Many commercial cream kinds of cheese resort to using low-fat milk and therefore add stabilizers like xanthan gum, guar guar, and carob bean gum to reach a creamy texture similar to whole fat milk fortified with extra fresh cream.
Similarly, certain manufacturers may add liquid animal rennet instead of a plant-based or chemical solution, so please check the ingredients of each package individually.
As a fresh cheese, cream cheese does not undergo maturation before packaging. No aging occurs. The longest that ripening (coagulation) takes is 12 to 24 hours at the very most.
As one can see, with production and packaging occurring in a day or less, cream cheese has no natural maturity and should always be consumed as fresh as possible.
The variable price range of cream cheese is between $0.25 and $0.50 per ounce. Even gourmet varieties don’t typically exceed $0.55 per ounce. With the average tub of cream cheese weighing 8 ounces, one can expect to pay around $5 per package for a mid-range brand.
Despite the name literally translating to “fresh cream,” creme fraiche is actually cultured, which gives it an unmistakable tanginess.
Creme Fraiche is a slightly soured cream that reaches its flavor and consistency by means of brief culturing. It is not cheese like cream cheese.
When it comes down to the European variants, the fat content is usually regulated. This means that crème Fraiche might not have additional ingredients (yes, it will only have starter culture and cream).
On the other hand, the UK and North American variants tend to have 115% butterfat content. The latter version of commercially produced Crème Fraiche will also have xanthan gum, and stabilizers added.
All creme fraiche is thick and creamy with a texture that’s best described as comparable to yogurt or mayonnaise. It is goopy and should not be runny.
Due to its cultured nature, Crème Fraîche is both sweet and savory with subdued acidity, slight tartness, and slight tanginess. Instead of having a prevailing sourness, it has a distinct sharpness and nutty undertones to its medley of flavors.
Crème Fraîche is often mixed with sour cream, but Crème Fraiche has an entirely different flavor and composition. Creme fraiche isn’t as sour as sour cream, and it has a higher fat content, offering a far lighter taste than the pungency of sour cream.
Crème Fraiche is a very versatile ingredient. It can be used to finish off savory and hot sauces. Yet it’s equally delicious in dessert sauces and dessert recipes.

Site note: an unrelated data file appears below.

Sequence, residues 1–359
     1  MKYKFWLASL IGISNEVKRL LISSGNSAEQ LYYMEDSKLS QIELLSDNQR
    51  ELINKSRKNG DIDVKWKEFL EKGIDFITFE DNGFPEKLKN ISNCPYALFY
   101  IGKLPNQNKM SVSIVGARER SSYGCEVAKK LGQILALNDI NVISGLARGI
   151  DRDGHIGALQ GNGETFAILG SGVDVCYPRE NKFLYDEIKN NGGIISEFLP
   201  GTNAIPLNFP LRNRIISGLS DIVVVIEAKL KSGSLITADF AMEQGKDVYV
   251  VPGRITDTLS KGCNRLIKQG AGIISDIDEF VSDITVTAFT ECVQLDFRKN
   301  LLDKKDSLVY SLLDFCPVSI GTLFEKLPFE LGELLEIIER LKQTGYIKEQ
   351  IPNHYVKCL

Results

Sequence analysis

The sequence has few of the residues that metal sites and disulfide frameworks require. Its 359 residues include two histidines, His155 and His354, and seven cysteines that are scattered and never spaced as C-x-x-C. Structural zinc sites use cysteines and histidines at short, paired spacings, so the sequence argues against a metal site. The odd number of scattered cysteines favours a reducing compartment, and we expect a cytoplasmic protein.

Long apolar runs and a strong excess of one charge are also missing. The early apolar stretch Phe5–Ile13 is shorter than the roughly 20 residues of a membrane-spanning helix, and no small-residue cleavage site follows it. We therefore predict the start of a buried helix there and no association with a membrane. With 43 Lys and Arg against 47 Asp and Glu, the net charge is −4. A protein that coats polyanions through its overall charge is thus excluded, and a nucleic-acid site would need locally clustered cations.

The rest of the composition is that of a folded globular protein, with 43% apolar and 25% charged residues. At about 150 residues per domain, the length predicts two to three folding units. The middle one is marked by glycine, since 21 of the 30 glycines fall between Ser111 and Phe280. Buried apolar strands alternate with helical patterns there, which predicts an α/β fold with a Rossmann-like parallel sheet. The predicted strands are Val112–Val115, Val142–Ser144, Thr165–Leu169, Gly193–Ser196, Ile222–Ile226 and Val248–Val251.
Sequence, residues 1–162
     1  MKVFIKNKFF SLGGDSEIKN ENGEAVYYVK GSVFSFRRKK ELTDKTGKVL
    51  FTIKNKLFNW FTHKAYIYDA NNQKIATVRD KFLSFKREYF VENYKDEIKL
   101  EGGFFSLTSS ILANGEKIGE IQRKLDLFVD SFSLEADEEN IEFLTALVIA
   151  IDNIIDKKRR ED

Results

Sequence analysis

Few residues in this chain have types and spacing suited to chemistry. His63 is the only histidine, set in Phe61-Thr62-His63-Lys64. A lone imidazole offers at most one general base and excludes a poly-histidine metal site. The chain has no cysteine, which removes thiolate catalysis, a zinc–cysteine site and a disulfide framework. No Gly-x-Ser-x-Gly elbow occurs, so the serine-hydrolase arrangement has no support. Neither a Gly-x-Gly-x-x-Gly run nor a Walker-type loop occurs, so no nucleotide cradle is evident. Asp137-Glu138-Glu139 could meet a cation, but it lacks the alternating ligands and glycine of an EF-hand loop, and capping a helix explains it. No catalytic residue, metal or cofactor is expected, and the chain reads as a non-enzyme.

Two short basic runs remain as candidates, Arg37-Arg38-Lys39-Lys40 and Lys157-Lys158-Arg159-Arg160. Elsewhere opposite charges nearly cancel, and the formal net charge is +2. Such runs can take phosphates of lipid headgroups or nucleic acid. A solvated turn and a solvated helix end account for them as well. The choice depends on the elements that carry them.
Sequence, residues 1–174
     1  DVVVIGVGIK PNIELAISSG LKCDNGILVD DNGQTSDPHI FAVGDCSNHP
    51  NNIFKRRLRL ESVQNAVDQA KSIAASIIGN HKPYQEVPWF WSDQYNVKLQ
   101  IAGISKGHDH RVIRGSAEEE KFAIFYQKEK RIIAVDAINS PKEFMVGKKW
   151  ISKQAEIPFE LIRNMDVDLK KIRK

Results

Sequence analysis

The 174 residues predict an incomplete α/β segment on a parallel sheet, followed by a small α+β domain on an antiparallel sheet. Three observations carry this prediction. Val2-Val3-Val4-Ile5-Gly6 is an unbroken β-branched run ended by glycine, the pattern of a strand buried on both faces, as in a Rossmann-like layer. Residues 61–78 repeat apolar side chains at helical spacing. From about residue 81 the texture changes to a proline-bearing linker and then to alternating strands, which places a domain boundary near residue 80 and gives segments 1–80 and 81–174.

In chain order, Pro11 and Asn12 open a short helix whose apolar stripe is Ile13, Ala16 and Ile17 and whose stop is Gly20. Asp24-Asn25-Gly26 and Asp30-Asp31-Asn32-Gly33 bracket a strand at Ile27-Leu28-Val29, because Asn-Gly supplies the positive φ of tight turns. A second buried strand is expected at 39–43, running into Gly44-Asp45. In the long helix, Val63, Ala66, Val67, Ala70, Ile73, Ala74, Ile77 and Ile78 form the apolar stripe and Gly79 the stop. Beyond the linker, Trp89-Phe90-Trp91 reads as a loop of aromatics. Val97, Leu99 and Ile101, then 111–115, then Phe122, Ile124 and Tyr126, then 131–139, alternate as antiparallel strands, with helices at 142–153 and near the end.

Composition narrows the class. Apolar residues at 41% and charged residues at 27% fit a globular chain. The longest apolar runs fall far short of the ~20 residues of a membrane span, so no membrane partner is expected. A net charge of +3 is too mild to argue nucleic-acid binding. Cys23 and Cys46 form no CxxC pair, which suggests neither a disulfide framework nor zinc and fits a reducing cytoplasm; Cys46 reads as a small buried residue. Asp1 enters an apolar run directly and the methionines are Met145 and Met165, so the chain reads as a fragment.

Most people enjoy putting a dollop of Crème Fraiche on top of baked goods like cakes, cupcakes, pancakes, and various other desserts.
There is no single precise location that is responsible for the invention of Crème Fraîche, but instead, there are many regions in France that produce milk that began spreading the invention.
In fact, it is one of the few substances that has been awarded the ‘Appellation D’origine Controlee’, which translates to a “controlled designation of origin” award that attests to the fact that Crème Fraîche did indeed come from France.
Normandy, Alsace, Franche-Comte, and north Loire are credited with spreading the cultured creation during the early years. However, scholars have not pinpointed the exact date. After all, cattle have been farmed in regions like Normandy since the 9th century, at least.
To make Crème Fraîche, one takes slightly soured cream with a fat content of between 10-45% butterfat and coagulates it with a bacterial culture like flora Danica, mesophilic aromatic type B, and various Lactococcus active probiotic species.
If sealed and refrigerated, Crème Fraîche lasts for up to eight weeks in a refrigerator. Once opened, you’ll only get three to four days from most tubs. Crème Fraîche is not a dairy product that undergoes extensive maturation.
It is typically cultured and packaged on the same day or within 24-hours. Separation may occur once opened without spoiling the product. Always pay attention to the smell and how runny it is to gauge whether or not the cream has spoiled.
You’ll find Crème Fraîche retailing for between $0.50 and $4 per ounce, depending on the brand. The average size of a package is 8 ounces which place the purchase price range at between $4 and $38 per tub.
French cultured Crème Fraîche can sell for as much as $7.50 per ounce, whereas the standard mid-range brand goes for around $3 an ounce.
Creme Fraiche Vs. Cream Cheese, The Bottom Line
Be it cream cheese or Crème Fraiche, both are suitable for sweet and savory recipes. However, as you can see from this breakdown, there are differences in the fat content, consistency, and flavor.
Ultimately, there is no clear “winner” between Creme Fraiche vs. cream cheese. Be sure to choose what suits you best, as these two tasty ingredients are most definitely not interchangeable.